In William Edward Burghardt (W.E.B.) Du Bois’s works Souls of Black Folk (1903) and Dusk of Dawn (1940), he coined the theory of “double consciousness” where he argued the presence of two consciousness in African-Americans: a Negro Self, and an American Self. Claudia Rankine’s ground-breaking work, Citizen: An American Lyric (2014) (hereafter, will be referred to as An American Lyric), refers to a similar division of the Self: the historical Self and the Self-self. The unique narrative function in An American Lyric portray racism without actually speaking of it. This is done through multiple personas that thrust its readers into uncomfortable situations, implicitly personalising racism for them.
With this, I posit that Claudia Rankine’s Citizen: An American Lyric expounds on the struggle between two duelling selves: the historical/Negro-Self and the American Self-self through a textual silence (Macherey) that convey racism without speaking of it: the text does so by withholding the racial identity of its speakers and addressees, and we are never aware of their race. Doing so thrusts the reader to into situations of racial profiling and forces them to acknowledge the dangers of colour-blind racism. This racial ambiguity therefore highlights the text’s intent of critiquing racism by tapping on the reader’s sense of guilt (or “blindness”) rather than to blame. The textual silence of racial ambiguity then exists as a shadow that extends its pervasive presence; the refusal to tap on the reader’s “blackness” but rather to signal them to various racial positionalities, reflects the effects of our own preconceived guilt of colour-blind racism in Rankine’s An American Lyric.
Firstly, understanding Du Bois’s theory of “double consciousness” is vital for the subsequent analysis of the various “selves” in An American Lyric. Du Bois’s theory was built on early sociological theories that explain what constitutes the Self. American philosopher and psychologist, William James was one of the pioneers in this area. The concept of the Self was first introduced in James’s book The Principles of Psychology (1890) where he identifies the Self as constitutive of 1) the “I” and the 2) “me” (Itzigsohn and Brown 233). “Me” is an accumulation of experiences that shape and influence individuals and can be further split into four selves: the material self, the spiritual self, the pure ego, and the social self (233). The social self is the cornerstone to the formation of Du Bois’s theory because it emerges from social interactions and a mutual recognition between people (233). As said by James, “recognition is so crucial to one’s own subjective understanding that we may develop as many social selves” needed for recognition (qtd. in Itzigsohn and Brown 233). The further splitting of the social self can consequentially adopt a hierarchal framework constituted by a dominant and less dominant Self – Du Bois would then reformulate this into the concept of “twoness”: the African-American “Negro” Self and the American Self (233). These two selves stem from a need to preserve one’s ethnic and cultural identity and also a need to adapt to the contemporaries of a pre-dominantly white-centric American life.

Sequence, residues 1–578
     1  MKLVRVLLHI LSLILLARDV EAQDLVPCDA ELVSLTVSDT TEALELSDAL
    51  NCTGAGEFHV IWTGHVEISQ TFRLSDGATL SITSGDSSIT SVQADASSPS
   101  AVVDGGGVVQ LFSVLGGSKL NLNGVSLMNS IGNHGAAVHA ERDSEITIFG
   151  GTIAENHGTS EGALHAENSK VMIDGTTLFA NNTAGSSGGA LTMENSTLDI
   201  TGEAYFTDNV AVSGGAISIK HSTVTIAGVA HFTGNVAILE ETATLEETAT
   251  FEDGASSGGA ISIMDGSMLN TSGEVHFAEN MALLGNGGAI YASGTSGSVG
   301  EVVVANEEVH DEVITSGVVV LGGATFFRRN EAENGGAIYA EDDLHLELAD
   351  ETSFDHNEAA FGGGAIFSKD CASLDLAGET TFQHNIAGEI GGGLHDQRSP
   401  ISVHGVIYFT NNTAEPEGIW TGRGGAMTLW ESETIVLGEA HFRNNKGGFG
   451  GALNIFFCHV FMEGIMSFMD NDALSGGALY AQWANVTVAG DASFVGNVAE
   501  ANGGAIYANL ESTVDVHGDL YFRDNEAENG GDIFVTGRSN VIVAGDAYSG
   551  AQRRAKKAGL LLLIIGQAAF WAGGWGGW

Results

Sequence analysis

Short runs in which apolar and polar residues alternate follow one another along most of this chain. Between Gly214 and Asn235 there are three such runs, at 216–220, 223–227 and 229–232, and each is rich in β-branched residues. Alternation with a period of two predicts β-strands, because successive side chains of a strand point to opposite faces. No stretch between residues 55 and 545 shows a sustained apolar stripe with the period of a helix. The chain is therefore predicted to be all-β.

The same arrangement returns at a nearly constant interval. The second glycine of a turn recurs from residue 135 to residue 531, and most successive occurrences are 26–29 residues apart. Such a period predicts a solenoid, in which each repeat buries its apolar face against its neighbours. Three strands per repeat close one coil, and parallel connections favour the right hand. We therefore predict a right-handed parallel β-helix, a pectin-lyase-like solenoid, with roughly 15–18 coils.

Rankine similarly shares Du Bois’s perspective of double consciousness through the concept of the Self as constitutive of the “historical self” and the “self self” in An American Lyric. The narrator, in chapter one, speaks about the presence of two selves present in Americans:
A friend argues that Americans battle between the “historical self” and the “self self”. By this she means you mostly interact as friends with mutual interest and, for the most part, compatible personalities; however, sometimes your historical selves, her white self and your black self, or your white self and her black self, arrive with the full force of your American positioning. (Rankine 14)Citizen: An American Lyric (pg. 14)
In this abstract, the “self self” is akin to Dubois’s “American self”: it is an intimate and personal understanding of the self (Adams 56) through the dynamics of relationship between individuals who share “mutual interests” (in Dubois’s case, it resides in American citizenship). The “compatible personalities” between individuals are the prerequisite for a friendship and the circle of friends one has is a reflection of the “self self”. However, the balance of these relationships can be destabilised because of the “historical self”. The “historical self” is akin to the African-American “Negro” self in Du Bois’s theory of double consciousness because it is borne out of “larger historical forces” (56). The term “historical self” in this abstract alludes to the African-Americans’ history of enslavement and racial segregation between the white Caucasian race and the black African-American race. The binary is made clear in the abstract via the chiasmus “her white self your black self, or your white self and her black self”. While the use of the chiasmus may initially seem to be an attempt to restore balance in the syntax, this grammatical reversal also emphasises the binary between black and white. The alienation is reified by the pronouns “her” and “you”, thus establishing the struggle in marrying two “self selves” (white and black selves) that originate from different ethnic histories.